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World Bank Provides Cash Transfers for Vulnerable Groups and Nutritional Supplements to New and Expecting Mothers in Moldova

World Bank Provides Cash Transfers for Vulnerable Groups and Nutritional Supplements to New and Expecting Mothers in Moldova

The World Bank board of directors today approved a grant of US million in additional financing to help Moldova address the challenges of the ongoing food crisis. The additional financing to the Moldova Health Services and Social Assistance Project aims to improve nutrition among new and expecting mothers, infants and children and to provide cash transfers to social institutions which provide food to children, the elderly, and other vulnerable groups to compensate for food price increases during the upcoming 2008/2009 winter season. The focus of nutrition interventions would be on protein energy malnutrition caused by inadequate intake of quantity of calories and protein.

"This financing provides some badly needed support to people who are being hit hardest by the sharp increase in food prices," said Melanie Marlett, World Bank Country Manager for Moldova. "By targeting the most vulnerable groups, we’re hoping to ensure that an increase in food costs won’t mean a decrease in the health of the poorest Moldovans."

The impact of the global food crisis on Moldova’s market and social conditions has to be put into the context of the catastrophic drought in 2007 and its consequences for food production in the country. While generally Moldova is able to sustain its food self-sufficiency, the 2007 agricultural season was marked by a dramatic loss of crops and livestock. The most telling statistic is that the harvest of cereal crops in 2007 was only 30% of the 2006 harvest, while production of vegetables decreased by 33% and livestock fell by 25%. Overall losses in the sector amounted approximately to US$ 1 billion, leading to a production shock which has spanned into the 2008 agricultural season.

Under normal circumstances, stocks of food would be replenished through imports from regional and global agricultural commodity markets. But the current global food squeeze has further increased Moldova’s short-term food supply vulnerability. Relative food scarcity in the country has led to a marked spike in food inflation, which is currently the main contributing source to the CPI inflation. Year on year food inflation in May, 2008 had risen to 24%, with bread, fruit, and milk prices rising by 20, 56, 24 and percent respectively.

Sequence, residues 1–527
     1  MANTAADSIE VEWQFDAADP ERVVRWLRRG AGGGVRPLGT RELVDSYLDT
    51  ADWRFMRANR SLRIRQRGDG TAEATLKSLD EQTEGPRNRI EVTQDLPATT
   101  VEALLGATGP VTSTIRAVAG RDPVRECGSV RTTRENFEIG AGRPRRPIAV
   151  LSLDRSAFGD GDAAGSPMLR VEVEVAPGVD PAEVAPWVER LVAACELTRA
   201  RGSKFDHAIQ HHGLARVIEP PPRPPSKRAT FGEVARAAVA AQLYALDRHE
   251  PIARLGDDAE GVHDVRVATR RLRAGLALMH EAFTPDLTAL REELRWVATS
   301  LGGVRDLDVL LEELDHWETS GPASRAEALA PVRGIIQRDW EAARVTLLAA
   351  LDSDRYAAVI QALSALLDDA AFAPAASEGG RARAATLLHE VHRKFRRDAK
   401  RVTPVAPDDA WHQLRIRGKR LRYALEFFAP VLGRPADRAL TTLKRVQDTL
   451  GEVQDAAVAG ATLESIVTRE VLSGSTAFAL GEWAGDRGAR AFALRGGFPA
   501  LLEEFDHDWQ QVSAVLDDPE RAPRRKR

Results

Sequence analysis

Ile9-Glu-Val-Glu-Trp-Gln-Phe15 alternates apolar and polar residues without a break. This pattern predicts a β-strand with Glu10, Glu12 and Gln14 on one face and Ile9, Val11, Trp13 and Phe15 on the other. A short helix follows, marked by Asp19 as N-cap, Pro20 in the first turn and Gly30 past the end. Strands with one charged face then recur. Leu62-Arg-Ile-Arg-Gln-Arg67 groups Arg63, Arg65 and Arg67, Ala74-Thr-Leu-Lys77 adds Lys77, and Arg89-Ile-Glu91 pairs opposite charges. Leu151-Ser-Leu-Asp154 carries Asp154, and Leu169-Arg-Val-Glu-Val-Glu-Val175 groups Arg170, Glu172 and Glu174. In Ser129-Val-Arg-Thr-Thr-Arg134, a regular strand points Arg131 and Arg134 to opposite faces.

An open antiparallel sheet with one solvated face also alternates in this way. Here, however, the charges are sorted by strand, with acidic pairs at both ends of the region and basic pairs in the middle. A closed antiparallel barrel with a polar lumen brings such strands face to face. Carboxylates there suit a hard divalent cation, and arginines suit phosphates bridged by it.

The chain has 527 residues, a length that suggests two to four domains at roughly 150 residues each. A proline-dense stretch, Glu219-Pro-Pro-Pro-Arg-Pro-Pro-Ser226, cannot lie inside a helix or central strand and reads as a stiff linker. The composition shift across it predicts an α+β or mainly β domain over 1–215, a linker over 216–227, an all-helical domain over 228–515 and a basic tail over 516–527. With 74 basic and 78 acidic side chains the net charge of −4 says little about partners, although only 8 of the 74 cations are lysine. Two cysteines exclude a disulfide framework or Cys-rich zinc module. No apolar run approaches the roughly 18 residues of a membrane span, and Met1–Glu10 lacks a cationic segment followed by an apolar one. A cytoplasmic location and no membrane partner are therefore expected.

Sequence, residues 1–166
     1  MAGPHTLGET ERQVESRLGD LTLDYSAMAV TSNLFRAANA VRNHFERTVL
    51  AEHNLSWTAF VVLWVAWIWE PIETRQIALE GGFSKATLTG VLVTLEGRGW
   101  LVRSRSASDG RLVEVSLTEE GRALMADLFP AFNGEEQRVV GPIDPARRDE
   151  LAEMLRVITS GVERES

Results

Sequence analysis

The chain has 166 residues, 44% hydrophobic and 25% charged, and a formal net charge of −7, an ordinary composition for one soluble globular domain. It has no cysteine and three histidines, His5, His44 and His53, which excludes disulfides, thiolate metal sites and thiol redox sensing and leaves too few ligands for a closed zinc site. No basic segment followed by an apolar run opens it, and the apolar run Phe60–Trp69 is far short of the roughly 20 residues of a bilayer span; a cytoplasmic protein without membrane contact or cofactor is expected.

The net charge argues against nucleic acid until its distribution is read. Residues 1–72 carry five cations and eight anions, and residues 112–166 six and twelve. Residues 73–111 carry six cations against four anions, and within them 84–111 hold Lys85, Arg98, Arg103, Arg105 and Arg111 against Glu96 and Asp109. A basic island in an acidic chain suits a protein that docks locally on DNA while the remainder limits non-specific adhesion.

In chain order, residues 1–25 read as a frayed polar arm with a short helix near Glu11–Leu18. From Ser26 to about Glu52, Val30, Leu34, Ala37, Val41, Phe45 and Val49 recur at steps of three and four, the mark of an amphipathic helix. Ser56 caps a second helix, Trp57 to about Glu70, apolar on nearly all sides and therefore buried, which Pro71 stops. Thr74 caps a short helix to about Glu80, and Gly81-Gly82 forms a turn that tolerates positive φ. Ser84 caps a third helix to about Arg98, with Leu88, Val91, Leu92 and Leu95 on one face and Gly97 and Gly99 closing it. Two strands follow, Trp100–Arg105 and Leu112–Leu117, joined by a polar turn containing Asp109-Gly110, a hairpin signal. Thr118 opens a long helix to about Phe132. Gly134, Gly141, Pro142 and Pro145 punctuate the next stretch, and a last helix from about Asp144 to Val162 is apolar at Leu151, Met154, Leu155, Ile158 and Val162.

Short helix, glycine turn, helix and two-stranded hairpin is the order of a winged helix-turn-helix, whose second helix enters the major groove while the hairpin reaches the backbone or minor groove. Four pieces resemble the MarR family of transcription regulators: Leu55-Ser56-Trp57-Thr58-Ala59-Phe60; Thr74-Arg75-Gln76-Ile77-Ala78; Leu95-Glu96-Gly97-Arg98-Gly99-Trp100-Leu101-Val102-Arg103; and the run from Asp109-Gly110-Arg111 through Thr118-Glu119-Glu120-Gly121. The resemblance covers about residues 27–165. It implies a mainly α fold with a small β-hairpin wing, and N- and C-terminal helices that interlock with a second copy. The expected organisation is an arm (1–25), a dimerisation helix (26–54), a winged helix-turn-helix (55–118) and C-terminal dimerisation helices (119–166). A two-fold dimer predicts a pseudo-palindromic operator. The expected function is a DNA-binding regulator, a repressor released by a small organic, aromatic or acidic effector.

"The cost of food in Moldova, like everywhere else, is increasing sharply," said Rekha Menon, Senior Ecomist for the World Bank in Moldova. "This is a big challenge in a country that already has approximately 28% of its citizens living in poverty. The rising food costs are generally hurting the country’s poor disproportionately more, because they spend a larger proportion of their incomes on food, and are more dependent on wage incomes and transfers."

Tentative estimates indicate that with food inflation at 24%, Moldova could face a 13% increase in poverty rates, further exacerbating the challenge of ensuring access to food by the poor. A particular and direct nutritional challenge is represented by the situation of institutionalized groups, including children and elderly, who currently live on a ration valued at less than two dollars per day.

Bank engagement in both health and social protection in Moldova provides a solid strategic basis and framework with which to support additional financing in order to respond to this crisis. The Bank’s response under the proposed additional financing to the Moldovan Government will build on the existing project and Government programs rather than introducing new mechanisms altogether.

The original project development objectives of the Health and Social Protection Project are to promote the Government's program to increase access to quality and efficient health services. The project’s aim is to improve the health of the local population and improve the targeting of social transfers and services to the poor. There are 3 components to the original project: the Health System Modernization component, the Social Assistance and Welfare component, Institutional Support component.

The grant will be made available to Moldova under the World Bank’s US.2 billion Global Fast-Track Facility for Food Crisis launched at the end of May. The new facility is designed to address the immediate needs of the most vulnerable countries through support to social safety nets, school feeding programs, food production, and other interventions.


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